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Discussion Starter #14
So tell me. Does your rifle being able to shoot 1" MOA make a difference to you? Or, do you like your rifle inspite of the fact that it may only shout 1.5" groups? To me the enjoyment of using a rifle would be related to how it looks, how it carries, how small a group it shoots and how I have performed with it while hunting. To date the only rifle I have that fits all of these criteria is my Tikka 243. But I guess I need to quit trading and hang on to my other rifles long enough to see how it goes....now thats a thought :eek:
 

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Longwinters : I would be lying to you if I said my all time favorite was the one that was the most accurate, yes I like to squeze the most out of a rifle thet I can, so I try different loads, part of the joy of shooting and reloading for that particular rifle, no my present all time favorite is a rifle that I usually have with me on the farm here it a howa 1500 in 223, but when deer season aproaches I really fall in love with a rem. model 7 in 7-08, have heavier guns but getting older lets you down size on lots of things, I spend from after the 4th of july working on the food plots and deer feeders also the box blinds so when others say baiting is a lazy mans way of hunting I just allow myself a small smile and tell myself they dont know what they are missing, the joy of having one of your favorite guns along with you in the woods makes it all worth it. :D JIM
 

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Ya made me think a bit there,I have been thru a few rifles over the years,
I have a SAKO A1 that I spent a lot of years waiting for,but the rifle I always seem to take is a Remington ADL in .308,it is a very plan rifle thats shoots avarage groups,I have carryed the thing miles over most of the roughest country in NZ and it has never let me down.When I take a kid or new hunter with me this is the rifle they always carry,It has shot a few first deer.I got this rifle as part of a swap but I would not now part with it for gold.Just way to many great memorys.Hills,rivers,camp fires,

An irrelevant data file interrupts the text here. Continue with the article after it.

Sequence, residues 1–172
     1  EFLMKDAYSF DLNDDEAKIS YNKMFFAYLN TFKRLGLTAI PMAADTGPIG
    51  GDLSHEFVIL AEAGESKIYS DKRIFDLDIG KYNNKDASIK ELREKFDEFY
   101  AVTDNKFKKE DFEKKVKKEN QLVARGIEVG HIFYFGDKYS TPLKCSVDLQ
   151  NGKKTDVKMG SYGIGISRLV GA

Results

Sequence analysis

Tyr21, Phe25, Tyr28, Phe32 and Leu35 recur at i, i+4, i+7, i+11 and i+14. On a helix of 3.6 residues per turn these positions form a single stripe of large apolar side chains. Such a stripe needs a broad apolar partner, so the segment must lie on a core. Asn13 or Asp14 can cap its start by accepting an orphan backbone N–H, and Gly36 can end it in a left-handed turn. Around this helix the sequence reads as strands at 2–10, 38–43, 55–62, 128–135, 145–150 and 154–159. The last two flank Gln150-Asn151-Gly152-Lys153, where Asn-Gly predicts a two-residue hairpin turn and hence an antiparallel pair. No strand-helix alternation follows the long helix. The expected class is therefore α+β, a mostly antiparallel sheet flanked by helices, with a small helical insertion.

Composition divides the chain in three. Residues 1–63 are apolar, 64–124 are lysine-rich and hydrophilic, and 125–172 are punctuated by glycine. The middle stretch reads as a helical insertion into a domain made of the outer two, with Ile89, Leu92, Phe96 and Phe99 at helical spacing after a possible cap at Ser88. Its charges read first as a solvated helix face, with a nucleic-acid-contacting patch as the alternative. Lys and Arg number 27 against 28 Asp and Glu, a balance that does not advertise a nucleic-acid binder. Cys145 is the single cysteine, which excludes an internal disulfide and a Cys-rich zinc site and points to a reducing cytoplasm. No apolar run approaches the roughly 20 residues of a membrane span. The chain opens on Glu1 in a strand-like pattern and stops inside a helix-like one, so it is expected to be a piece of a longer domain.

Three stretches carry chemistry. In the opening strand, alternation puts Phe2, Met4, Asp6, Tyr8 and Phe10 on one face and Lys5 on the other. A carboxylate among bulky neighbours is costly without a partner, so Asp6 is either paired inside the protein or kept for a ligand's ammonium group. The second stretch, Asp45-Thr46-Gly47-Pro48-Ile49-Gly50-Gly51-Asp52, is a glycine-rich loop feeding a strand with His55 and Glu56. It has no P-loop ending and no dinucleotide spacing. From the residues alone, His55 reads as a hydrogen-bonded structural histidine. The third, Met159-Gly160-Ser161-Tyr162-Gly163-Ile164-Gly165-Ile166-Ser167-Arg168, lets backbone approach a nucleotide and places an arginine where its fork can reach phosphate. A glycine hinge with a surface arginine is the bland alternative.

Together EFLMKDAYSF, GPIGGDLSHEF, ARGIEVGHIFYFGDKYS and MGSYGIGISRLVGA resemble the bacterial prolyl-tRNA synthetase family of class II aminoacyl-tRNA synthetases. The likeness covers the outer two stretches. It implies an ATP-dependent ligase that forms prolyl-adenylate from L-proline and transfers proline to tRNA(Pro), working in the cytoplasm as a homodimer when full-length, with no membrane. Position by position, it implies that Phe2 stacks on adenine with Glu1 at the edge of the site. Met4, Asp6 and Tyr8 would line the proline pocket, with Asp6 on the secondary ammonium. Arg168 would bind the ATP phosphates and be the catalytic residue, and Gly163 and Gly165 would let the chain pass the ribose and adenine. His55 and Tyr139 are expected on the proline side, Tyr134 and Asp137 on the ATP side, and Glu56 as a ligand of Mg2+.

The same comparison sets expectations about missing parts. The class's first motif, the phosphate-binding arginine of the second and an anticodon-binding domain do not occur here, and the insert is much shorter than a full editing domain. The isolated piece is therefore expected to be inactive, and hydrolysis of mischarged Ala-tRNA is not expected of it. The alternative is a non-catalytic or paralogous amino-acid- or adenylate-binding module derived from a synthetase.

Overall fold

good mates,rain,snow,mud,blood,nights spent temporarily misplaced,Deer,pigs,thar,wild cattle,chamios,goats,,need I say more..
JACK..
 

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Favorite rifle

Guess it would be the model 70 I picked up a few years ago used (well, it was made in 1955) and had barely been used--bluing still on the bolt face. Well, it shoots consistently and is a favorite for that, besides being a real classic. Stock looks kind of tacky but what the hay, it's a hunting rifle.
 

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My long gun count is into triple digits. Some are just financial speculation, some are just experiments in process, but the ones that mean the most are the ones with the memories. Some of those are missing. A Remington M788, the first high power rifle I owned, stolen.. A M67 Winchester single shot, belonged to an uncle who was more like a father, sold at auction with me to poor to bid!! I have 5 M67's now but still not the right one.. A M550 Remington with a groove in the stock from using the gun to hold down fence wire, was my fathers.. He was a market hunter as a youth and guns were tools. He was not stupid though... told me once the days of shooting all you wanted are gone, I don't really think he missed them.. He taught me how to hunt effectively and how to see in the woods. He was not the best shot but one of the best hunters I've ever known. If it rained during our deer season,that's the day he killed his deer. Some sjot in their bed, they never knew he was there and that in his 60's. Dad taught me to kill, my uncle taught me when to kill. I miss them both,,,